'The Nabataeans are a sensible people, and are so much inclined to acquire possessions that they publicly fine anyone who has diminished [them] and also confer honours on anyone who has increased them. Since they have but few slaves, they are served by their kinsfolk for the most part, or by one another, or by themselves; so that the custom extends even to their kings. They prepare common meals together in groups of thirteen persons; and they have two girl-singers for each banquet. The king holds many drinking-bouts in magnificent style, but no one drinks more than eleven cupfuls, each time using a different golden cup. The king is so democratic that, in addition to serving himself, he sometimes even serves the rest himself in his turn. He often renders an account of his kingship in the popular assembly; and sometimes his mode of life is examined.'

This description of 'common meals', with the specified number of members, their singers and generous allocation of wine, perhaps gives a clue to Nabataean sacred associations at this period. Sketchy as it is, it may give us a glimpse of the nature of the memorial banquets that took place in the large number of feasting rooms associated with tombs in Petra.

Obodas' democratic leanings seem to have done little for his effectiveness – 'he did not care much about public affairs, and particularly military affairs', as Strabo puts it. He also seems to have given so much authority to his very active minister, Syllaeus, that this undoubtedly devious character may well have been responsible for poisoning him.

Obodas was succeeded by a probably distant relative called Aeneas who changed his name to the more kingly one of Aretas. Unlike Aretas III who had looked abroad for his epithet 'Philhellene', Aretas IV called himself 'rhm 'mh' – he who loves his people. During his long reign (9 BC-AD 40) the Nabataeans reached the height of their economic and cultural development – they built new towns, enlarged and embellished old ones, in particular Petra, and extended their irrigation schemes to the great enrichment of their agriculture.

An attractive feature of the Nabataeans is the status they accorded women. Inscriptions at that other great Nabataean site – Meda'in Salih in present-day Saudi Arabia – indicate that Nabataean women, unlike many of their contemporaries, inherited and owned property in their own right. Also, from the time of the democratic Obodas III onwards, the queen's profile appears on coins together with that of her husband or, in the case of a regency, her son. Aretas IV had two wives, apparently successively rather than together, the first called Huldu and the second Shaqilath. Another Shaqilath appears as the consort of his successor Malichus II, and again with her son, the last Nabataean king, Rabbel II, during his minority.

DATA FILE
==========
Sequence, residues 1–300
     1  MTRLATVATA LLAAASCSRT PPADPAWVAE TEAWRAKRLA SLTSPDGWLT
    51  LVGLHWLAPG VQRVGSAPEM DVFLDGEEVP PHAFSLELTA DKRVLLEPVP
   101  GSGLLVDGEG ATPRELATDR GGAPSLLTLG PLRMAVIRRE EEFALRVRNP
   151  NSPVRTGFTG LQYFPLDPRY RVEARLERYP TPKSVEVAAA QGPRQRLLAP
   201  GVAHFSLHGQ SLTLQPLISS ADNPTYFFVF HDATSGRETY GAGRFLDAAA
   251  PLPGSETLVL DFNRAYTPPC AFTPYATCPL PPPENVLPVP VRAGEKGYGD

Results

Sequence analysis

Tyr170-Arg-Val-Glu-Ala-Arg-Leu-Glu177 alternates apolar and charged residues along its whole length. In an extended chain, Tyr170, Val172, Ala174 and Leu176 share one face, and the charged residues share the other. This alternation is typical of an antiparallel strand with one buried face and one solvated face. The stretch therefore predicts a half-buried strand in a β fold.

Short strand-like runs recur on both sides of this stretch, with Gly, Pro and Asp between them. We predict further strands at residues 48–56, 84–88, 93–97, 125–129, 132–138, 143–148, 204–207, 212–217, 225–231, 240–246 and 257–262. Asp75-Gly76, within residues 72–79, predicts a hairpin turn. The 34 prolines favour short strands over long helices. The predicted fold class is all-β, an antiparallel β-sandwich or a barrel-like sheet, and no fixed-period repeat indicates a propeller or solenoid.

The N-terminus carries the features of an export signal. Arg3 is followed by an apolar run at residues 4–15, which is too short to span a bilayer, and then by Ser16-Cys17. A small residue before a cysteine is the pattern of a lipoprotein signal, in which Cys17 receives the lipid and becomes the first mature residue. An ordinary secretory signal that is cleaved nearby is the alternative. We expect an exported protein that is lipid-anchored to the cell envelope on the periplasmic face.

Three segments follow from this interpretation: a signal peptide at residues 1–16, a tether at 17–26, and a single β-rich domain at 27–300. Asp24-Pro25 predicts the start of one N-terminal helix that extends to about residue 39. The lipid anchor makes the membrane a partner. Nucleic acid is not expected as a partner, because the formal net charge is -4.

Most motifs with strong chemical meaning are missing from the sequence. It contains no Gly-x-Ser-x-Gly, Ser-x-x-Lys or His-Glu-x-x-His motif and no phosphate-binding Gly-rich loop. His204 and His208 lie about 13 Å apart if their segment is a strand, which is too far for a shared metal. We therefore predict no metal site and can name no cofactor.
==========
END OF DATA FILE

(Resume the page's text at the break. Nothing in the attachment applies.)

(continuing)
The story of Nabataea continued to intertwine uneasily with that of Judaea. When Herod the Great died in AD 4, his kingdom was divided between the three of his sons who had escaped his recurrent murderous moods. One of them, Herod Antipas, who became tetrarch of the Galilee and Peraea, had married a daughter of Aretas IV. For a while this resulted in good relations but in AD 27 Antipas fell passionately in love with his niece Herodias, wife of his brother, Herod Philip. To marry her, which outraged religious opinion, he divorced his Nabataean wife, which outraged Aretas. John the Baptist's outspoken condemnation of the marriage, and his subsequent imprisonment and execution at the instigation of the delinquent Herodias, are well known. Less well known is that the spurned Nabataean wife quietly went home to Petra, and Aretas launched a successful expedition against his old son-in-law and new enemy.

The birth, life and death of Jesus Christ seem to have passed unnoted in the Nabataean kingdom, though something of the impact of Christ and his followers was clearly felt, and aroused antagonism. During a brief revival of Nabataean rule in Damascus under Aretas IV, the apostle Paul made his famously undignified exit, when 'the governor under King Aretas guarded the city... in order to seize me, but I was let down in a basket through a window in the wall, and escaped his hands'. (2 Cor. 11: 32-33)

Damascus was finally lost to the Nabataeans under Malichus II (AD 40-70), son of Aretas IV. Little is known of him, but according to Josephus he sent the Emperor Titus 1,000 cavalry and 5,000 infantry which took part in the destruction of Jerusalem and the great temple in AD 70.

In that same year Rabbel II, the last of the Nabataean dynasty, came to the throne as a minor, his mother Shaqilath acting as regent for six years. Rabbel, who seems to have preferred the city of Bostra in the north of his kingdom to the ancient capital of Petra in the south, was known as 'hyy wsyzb 'mh' – he who brings life and deliverance to his people. What he delivered his people from remains unclear, but they certainly enjoyed a period of peace and prosperity in the final decades of the Nabataean kingdom.

Judaea to the west, Egypt to the south and Syria to the north had already been mopped up in Rome's territorial expansion and reorganisation. Only Nabataea remained more or less independent, a temptingly rich plum, ripe for the picking.